Justine Kurland

New York

at Mitchell-Innes & Nash

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American photographers have had a long romance with the road. Robert Frank, Lee Friedlander and Stephen Shore, to name a few, have spent extended periods of time in their cars, roving the country with their cameras, and Justine Kurland has followed suit. She has been taking road trips since she was a child, tagging along with her mother to sell handmade clothes at Renaissance fairs around the country.

Kurland graduated from Yale with an MFA in 1998. Since her inclusion in the show “Another Girl, Another Planet,” at New York’s Lawrence Rubin-Greenberg Van Doren gallery, in 1999, she has spent most of every year on the road, even after the birth of her son, Casper, in 2004. The road trip is integral to her photographic practice, but an uneasy mood infiltrates the absorbing and gorgeous photographs in “Sincere Auto Care” (2011-14), her most recent series.

Cars and car culture are the explicit subjects of these pictures, and in part the work is a study of masculinity. In Murdered Out (2013)—titled after a phrase used for cars that are entirely black—a man’s hand, holding a cigarette, enters the frame from the corner to rest on a rusted hood. The picture is deceptively simple and inexplicably lovely, its appeal having to do with its William Eggleston-like composition, the angle of the arm and the shadow it casts on the hood. Both men and cars are often fragmented in Kurland’s photographs—a limb or a torso standing in for a person, an engine or a stack of tires suggesting a car—as if she’s deconstructing the masculine American dream of the open road.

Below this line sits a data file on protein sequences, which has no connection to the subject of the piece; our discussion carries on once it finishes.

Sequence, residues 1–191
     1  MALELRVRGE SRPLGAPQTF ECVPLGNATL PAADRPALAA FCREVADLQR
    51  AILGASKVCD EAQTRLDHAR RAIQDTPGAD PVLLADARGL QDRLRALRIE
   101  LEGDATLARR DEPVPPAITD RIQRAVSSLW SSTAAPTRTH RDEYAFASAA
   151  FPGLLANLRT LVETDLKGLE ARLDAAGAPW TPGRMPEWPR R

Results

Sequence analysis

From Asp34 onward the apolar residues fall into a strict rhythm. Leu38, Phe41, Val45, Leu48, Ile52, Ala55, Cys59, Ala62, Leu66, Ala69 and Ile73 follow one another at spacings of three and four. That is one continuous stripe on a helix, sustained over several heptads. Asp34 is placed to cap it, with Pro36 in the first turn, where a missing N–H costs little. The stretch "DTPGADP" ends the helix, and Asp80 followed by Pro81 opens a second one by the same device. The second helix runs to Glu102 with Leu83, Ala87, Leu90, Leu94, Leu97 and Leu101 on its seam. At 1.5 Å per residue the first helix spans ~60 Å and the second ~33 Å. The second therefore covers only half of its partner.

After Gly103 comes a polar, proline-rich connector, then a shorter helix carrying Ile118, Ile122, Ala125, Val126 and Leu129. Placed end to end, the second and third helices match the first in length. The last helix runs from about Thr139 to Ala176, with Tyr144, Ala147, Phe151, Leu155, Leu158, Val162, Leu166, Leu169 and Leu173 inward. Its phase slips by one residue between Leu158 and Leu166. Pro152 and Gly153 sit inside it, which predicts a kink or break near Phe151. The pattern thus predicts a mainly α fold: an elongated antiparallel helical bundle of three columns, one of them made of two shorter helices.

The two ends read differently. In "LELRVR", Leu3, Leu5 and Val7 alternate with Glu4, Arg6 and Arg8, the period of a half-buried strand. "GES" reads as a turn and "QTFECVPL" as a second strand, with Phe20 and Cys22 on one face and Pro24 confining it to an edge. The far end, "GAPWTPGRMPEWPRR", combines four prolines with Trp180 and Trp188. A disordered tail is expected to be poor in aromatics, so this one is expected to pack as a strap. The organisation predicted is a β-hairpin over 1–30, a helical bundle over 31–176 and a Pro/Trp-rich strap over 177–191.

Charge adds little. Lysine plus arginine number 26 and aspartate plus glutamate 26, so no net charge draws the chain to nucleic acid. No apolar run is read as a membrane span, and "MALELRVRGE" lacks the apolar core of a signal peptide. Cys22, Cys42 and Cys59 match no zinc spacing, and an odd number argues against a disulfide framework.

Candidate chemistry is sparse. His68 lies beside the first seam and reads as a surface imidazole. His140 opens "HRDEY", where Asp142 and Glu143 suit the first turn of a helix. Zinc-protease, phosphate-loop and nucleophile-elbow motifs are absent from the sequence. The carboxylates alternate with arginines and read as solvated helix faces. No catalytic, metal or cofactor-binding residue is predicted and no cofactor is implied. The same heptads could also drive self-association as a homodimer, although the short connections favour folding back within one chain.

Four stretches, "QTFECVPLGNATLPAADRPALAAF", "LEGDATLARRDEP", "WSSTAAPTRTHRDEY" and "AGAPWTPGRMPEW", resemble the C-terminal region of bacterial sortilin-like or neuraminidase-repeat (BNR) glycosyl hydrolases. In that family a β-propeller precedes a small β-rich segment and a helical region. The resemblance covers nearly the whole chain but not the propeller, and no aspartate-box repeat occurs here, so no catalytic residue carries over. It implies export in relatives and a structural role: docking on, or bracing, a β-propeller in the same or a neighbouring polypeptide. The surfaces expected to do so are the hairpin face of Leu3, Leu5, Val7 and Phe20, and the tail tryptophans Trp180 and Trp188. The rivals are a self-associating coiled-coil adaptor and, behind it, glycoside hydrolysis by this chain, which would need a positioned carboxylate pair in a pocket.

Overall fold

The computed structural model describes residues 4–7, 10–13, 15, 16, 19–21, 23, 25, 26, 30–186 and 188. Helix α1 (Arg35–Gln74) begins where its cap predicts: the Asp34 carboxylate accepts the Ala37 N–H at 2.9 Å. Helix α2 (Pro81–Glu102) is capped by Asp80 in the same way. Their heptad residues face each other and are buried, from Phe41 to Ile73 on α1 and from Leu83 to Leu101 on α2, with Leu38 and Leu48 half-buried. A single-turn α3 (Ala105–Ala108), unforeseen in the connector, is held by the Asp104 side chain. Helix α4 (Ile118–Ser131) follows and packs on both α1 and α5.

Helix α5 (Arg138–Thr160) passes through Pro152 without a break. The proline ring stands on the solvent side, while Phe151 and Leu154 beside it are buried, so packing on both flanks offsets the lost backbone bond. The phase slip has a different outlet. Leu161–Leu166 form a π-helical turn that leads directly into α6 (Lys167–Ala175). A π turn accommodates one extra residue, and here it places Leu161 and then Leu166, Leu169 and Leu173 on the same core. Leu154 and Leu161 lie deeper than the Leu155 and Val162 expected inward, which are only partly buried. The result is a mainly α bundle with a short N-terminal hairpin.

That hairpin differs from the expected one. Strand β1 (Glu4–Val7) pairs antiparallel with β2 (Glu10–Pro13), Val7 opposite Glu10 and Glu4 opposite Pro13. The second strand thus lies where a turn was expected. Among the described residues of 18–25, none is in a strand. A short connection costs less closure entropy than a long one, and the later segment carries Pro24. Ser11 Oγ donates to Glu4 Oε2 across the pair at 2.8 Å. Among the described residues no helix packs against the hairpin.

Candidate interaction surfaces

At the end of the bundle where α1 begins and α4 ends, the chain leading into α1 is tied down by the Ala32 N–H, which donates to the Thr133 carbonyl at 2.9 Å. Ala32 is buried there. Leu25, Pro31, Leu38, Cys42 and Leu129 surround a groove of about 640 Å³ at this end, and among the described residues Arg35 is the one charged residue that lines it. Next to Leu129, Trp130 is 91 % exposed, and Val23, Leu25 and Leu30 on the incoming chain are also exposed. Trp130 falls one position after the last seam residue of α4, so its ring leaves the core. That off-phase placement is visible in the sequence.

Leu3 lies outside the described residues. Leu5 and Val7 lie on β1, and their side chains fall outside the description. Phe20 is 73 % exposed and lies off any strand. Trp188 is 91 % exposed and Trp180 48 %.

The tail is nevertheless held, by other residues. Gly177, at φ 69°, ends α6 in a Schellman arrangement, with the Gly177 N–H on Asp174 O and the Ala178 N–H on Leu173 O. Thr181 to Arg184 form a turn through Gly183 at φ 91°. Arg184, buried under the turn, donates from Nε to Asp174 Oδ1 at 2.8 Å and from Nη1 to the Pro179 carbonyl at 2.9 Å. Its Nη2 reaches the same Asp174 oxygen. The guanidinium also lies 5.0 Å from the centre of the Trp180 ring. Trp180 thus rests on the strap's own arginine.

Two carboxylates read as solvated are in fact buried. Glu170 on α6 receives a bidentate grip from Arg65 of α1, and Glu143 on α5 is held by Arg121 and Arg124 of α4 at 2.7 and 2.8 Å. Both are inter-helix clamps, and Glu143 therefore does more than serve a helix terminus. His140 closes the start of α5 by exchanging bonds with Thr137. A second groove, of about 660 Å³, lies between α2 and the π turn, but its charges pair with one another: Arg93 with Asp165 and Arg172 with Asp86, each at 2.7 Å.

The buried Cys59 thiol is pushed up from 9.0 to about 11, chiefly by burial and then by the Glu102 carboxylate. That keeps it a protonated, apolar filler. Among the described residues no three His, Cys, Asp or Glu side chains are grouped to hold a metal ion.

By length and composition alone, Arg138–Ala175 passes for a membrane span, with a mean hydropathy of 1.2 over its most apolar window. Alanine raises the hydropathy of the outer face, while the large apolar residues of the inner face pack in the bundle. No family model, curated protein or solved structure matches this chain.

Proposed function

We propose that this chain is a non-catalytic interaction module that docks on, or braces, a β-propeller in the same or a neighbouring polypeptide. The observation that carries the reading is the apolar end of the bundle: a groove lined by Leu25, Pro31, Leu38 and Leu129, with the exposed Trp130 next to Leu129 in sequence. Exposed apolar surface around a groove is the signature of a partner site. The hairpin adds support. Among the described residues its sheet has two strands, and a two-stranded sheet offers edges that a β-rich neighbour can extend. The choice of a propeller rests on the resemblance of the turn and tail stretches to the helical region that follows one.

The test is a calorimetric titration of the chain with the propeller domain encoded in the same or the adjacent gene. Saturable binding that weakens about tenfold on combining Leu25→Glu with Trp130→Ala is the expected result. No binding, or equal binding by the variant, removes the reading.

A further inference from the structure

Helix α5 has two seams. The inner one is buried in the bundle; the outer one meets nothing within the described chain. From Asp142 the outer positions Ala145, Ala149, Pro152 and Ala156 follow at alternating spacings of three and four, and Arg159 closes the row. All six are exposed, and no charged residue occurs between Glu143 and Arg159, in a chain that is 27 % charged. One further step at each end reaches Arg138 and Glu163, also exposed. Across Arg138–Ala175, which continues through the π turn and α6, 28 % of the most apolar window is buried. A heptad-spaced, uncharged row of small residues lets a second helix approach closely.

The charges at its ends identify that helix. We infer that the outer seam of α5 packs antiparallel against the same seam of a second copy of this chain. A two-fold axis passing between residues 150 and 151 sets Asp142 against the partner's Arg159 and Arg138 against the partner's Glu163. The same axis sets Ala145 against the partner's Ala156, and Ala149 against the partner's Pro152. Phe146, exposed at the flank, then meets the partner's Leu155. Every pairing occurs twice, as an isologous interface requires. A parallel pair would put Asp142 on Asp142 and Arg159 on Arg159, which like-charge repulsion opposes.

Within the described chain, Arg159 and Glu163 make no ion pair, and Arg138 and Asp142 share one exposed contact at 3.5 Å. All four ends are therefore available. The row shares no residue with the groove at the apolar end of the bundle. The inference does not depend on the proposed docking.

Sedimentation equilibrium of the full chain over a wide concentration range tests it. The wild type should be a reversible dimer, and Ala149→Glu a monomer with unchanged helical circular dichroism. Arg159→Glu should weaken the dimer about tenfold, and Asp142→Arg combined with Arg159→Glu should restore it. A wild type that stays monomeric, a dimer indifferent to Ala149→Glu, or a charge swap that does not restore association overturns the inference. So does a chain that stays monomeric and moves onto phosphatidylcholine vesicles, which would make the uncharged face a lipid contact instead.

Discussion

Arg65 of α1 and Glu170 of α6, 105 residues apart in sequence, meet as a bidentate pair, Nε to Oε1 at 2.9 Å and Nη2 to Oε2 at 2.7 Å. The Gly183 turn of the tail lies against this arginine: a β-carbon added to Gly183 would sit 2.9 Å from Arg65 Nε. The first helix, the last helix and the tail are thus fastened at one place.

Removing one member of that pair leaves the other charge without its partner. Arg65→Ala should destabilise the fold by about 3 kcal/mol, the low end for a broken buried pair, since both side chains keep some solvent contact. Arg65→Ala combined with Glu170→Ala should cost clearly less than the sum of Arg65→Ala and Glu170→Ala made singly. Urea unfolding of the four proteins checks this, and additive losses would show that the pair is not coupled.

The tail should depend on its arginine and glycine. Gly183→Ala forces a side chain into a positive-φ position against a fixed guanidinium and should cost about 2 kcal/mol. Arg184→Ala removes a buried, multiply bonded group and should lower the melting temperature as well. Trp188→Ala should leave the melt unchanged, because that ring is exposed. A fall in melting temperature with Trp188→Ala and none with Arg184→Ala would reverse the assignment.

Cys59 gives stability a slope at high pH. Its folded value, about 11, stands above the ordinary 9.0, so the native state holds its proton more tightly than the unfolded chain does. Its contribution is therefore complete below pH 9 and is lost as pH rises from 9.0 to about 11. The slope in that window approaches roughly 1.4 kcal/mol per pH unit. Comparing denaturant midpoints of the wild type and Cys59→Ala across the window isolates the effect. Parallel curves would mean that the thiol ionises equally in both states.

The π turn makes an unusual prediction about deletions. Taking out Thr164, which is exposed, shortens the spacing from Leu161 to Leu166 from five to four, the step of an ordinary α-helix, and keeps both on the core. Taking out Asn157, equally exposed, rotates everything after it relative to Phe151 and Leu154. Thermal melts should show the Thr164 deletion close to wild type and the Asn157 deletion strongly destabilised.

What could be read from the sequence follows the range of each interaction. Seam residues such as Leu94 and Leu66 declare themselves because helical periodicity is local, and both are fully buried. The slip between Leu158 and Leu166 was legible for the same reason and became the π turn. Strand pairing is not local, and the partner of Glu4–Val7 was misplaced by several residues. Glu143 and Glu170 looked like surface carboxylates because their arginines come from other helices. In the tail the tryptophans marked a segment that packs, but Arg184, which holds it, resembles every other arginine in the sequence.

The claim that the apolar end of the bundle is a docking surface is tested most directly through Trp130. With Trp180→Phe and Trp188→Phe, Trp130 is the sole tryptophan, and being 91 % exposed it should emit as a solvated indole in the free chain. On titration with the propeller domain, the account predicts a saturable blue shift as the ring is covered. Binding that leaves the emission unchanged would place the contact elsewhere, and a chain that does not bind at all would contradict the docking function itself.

Spray Fire Custom (2013) is a closely cropped shot of the flaming orange skulls painted on a black car door. The photograph highlights the artistry of the custom paint job, but it also demonstrates the anxiety that runs through the series, an anxiety often fueled by maternal concern. What Casper Might Look Like If He Grew Up to Be a Junkie in Tacoma (2013), for instance, depicts a disheveled young man squinting into the sun. Hung nearby was a sequence of photographs showing Kurland’s son in a car seat, in the front passenger side of a car (76 Station, 2012); the windshield of a different car that’s been crushed in on the passenger side (Death Seat, 2012); her son’s small hand, dirty and holding a tooth (Baby Tooth, 2011); and the front end of a totaled
car (Crash, 2013). In reality, the images are unrelated, but the fears they conjure are palpable.

Kurland’s images play on our assumptions about photography—that a photograph is based in fact, even if its meaning is slippery and open to interpretation. Her pictures are also rooted in a deeply photographic way of looking, as evidenced by the geometries and planes of color she captures in these simple but multivalent compositions.